Quitting the Easy Way

May 3, 2017

buc-eesI stop at the Buc-ee’s in Madisonville because I’ve been here before, they have clean restrooms and the wine that’ll work and it’s chilled. I choose the entrance at the opposite end from the wine because it’s the one we used last summer on the drive to Galveston with the girls. I flip flop in my flip-flops and cargo shorts, turning sideways to squeeze past the throngs, past the tee-shirts and electronics and food counters and snack aisles to the fridge and grab a four pack of Chardonnay and don’t care how unmanly this looks because I long ago stopped caring. On second thought I grab a second. One for before, one after.

Back in the car I consider knocking back a couple in a gulp or two. When they’re cold they go down so good in a way so wrong for wine to go down and so unmanly, but it’s not about the taste or the manly it’s about efficiency and keeping things more or less under control. One bottle equals one glass of wine, one beer, one shot, and you have to keep count of these things in order to get where you need to be, no more, no less. More gets you in trouble, more is for rookies, less is not an option.

sutter homeI think better of starting in the car. It’s a company car, better not risk it. That’s the whole point of the four packs, though, to knock them out fast in the car and get rid of them fast, no open container.

In the hotel room there’s a fridge, and one pack goes in there. The other isn’t cold anymore and won’t go down as well but again this is not about taste this is about getting there. I crack one and it’s gone, crack another and collapse in a chair with the book. And they really do crack, the metal caps, when you twist them, makes you happy.  The game isn’t for another couple hours and the stadium is walking distance.

easy way

the book

It’s okay to read the book before you stop drinking, says the book. It encourages you to drink until you finish it, actually, and that’s the beauty of it, why you don’t mind reading even if you don’t want to quit. You get to feel good about what you’re doing, like you’ve got permission to be bad, get to tell your wife, look, see? I got this.

The only rule the book gives you is to read while sober, and I’m sober at the moment, just having a drink. You’re not really supposed to do that either but I’m an old pro, I got this.

I’ve finished number three when the girls call, and it’s only number three but I haven’t eaten and I work fast. There’s a risk they may hear it, I might slur a word, and this won’t play well with the wife since they’ll surely be on speaker phone. She told me, the wife, she told me last night she was ready to leave me and she meant it, and she knows I can’t be trusted. Plus I just got here, it’s not even dinner time.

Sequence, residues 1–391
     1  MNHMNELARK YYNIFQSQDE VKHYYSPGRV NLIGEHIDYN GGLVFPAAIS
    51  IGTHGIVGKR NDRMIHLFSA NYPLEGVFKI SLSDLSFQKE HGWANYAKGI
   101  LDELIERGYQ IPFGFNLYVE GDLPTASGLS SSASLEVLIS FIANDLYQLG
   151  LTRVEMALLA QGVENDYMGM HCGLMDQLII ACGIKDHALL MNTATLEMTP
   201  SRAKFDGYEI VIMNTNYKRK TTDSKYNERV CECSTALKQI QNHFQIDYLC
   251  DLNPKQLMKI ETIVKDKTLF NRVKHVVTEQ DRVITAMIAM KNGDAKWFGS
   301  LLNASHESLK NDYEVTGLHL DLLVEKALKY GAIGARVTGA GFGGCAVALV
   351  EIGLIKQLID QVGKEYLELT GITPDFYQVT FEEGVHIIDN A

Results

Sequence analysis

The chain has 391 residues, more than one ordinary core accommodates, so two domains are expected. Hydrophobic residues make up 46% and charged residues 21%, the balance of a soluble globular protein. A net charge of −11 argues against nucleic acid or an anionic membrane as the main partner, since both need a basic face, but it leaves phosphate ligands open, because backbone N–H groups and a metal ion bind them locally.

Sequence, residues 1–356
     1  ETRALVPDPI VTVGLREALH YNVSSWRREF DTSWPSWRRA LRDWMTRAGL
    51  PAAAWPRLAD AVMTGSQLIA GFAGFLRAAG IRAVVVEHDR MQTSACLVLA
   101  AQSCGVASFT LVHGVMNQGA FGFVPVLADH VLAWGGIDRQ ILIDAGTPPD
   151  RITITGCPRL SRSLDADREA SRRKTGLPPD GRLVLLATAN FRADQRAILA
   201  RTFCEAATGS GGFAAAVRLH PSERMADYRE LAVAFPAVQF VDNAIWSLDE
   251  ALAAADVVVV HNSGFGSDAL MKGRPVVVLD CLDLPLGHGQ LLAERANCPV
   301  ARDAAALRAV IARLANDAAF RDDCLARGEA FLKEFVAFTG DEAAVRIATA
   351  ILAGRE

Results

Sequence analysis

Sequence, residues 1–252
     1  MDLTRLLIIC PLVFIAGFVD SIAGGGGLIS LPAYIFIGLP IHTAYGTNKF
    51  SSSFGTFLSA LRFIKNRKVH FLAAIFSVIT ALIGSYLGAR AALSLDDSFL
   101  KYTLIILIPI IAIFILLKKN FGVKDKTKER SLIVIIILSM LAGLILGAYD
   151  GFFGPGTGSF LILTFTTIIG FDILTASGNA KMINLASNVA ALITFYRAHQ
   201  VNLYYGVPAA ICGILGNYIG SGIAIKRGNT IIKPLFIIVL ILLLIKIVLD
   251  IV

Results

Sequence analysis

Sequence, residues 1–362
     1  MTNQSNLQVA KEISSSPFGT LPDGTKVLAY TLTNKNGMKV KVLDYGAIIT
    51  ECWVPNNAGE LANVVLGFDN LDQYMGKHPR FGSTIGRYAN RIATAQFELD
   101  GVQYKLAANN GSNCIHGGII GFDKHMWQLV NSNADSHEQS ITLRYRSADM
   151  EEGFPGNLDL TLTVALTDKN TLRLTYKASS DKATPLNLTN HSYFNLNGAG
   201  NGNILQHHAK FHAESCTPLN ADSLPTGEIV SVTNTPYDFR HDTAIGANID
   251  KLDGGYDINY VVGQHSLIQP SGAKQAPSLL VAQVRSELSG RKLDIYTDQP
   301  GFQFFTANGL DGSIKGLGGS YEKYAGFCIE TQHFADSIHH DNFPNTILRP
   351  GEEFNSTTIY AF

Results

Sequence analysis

It’s dollar dog night at the game so I get two and a beer, my seat’s on the third base side. I eat my dogs, snap a photo of the kid a few rows down in the Altuve jersey as Altuve himself is at the plate. It ought to make a great picture but I’m disappointed with it, like with a lot things, like some people with me. And this year the Astros will go all the way, and the Rangers will stink it up, though I don’t know this yet, it’s disappointment pending.


Four innings is typical before I lose focus, get up to wander. Another beer makes six according the formula of 1 = 1 = 1, but these are more than 12 ounces, so maybe it’s more like seven. I don’t feel drunk but then my wife says I can no longer tell, and I do only realize these things in retrospect, sometimes. It’s still dollar dog night, another couple should slow things down a bit, and they’re small. Another beer. There aren’t a lot of open seats, but there’s enough, and I wander and plop for a while, get up, wander again. One more beer, full to the brim. I spill it on my shorts and flip flops and just keep walking.

The roof is closed because of the rain, but there’s a problem in the outfield seats, a little waterfall pouring in, and what’s interesting is no one other than me seems to find this interesting. I can’t take my eyes off the waterfall, everyone else gives it room to land and splash and watches the game, but I watch the waterfall. It’s 2017, we have engineering, but this rain is coming in the with the roof closed and I don’t get it. I rinse my flip-flop feet, stick out my leg to rinse my shorts, maybe wobble a little, and a woman gasps, shocked, and I’m like what, I spilled. 

My walk around the concourse brings me back where I started, nothing new to look at, nothing else to do. I’m not really looking anyway, not really seeing. I’m numb, beyond comfortably, but I get the sense everyone else is having fun. The game ends, I’m not really sure how. The time has passed, not sure where it went. Astros fans are making a woop-woop sound as they leave, and they won’t stop, though that would be nice.